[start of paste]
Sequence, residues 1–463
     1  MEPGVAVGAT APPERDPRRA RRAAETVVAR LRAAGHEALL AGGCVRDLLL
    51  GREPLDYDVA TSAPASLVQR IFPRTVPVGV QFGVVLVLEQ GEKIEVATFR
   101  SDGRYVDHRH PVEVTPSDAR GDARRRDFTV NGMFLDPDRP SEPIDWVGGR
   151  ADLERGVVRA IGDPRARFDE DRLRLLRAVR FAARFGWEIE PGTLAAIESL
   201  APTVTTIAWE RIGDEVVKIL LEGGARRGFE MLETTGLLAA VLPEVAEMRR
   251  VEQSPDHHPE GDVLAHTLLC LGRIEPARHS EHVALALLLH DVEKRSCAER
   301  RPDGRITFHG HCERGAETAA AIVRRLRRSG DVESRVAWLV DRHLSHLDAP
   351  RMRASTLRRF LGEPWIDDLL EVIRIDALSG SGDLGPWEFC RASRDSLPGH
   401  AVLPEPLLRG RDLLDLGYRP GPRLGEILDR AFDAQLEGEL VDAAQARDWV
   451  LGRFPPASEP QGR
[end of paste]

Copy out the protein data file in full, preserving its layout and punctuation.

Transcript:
Sequence, residues 1–463
     1  MEPGVAVGAT APPERDPRRA RRAAETVVAR LRAAGHEALL AGGCVRDLLL
    51  GREPLDYDVA TSAPASLVQR IFPRTVPVGV QFGVVLVLEQ GEKIEVATFR
   101  SDGRYVDHRH PVEVTPSDAR GDARRRDFTV NGMFLDPDRP SEPIDWVGGR
   151  ADLERGVVRA IGDPRARFDE DRLRLLRAVR FAARFGWEIE PGTLAAIESL
   201  APTVTTIAWE RIGDEVVKIL LEGGARRGFE MLETTGLLAA VLPEVAEMRR
   251  VEQSPDHHPE GDVLAHTLLC LGRIEPARHS EHVALALLLH DVEKRSCAER
   301  RPDGRITFHG HCERGAETAA AIVRRLRRSG DVESRVAWLV DRHLSHLDAP
   351  RMRASTLRRF LGEPWIDDLL EVIRIDALSG SGDLGPWEFC RASRDSLPGH
   401  AVLPEPLLRG RDLLDLGYRP GPRLGEILDR AFDAQLEGEL VDAAQARDWV
   451  LGRFPPASEP QGR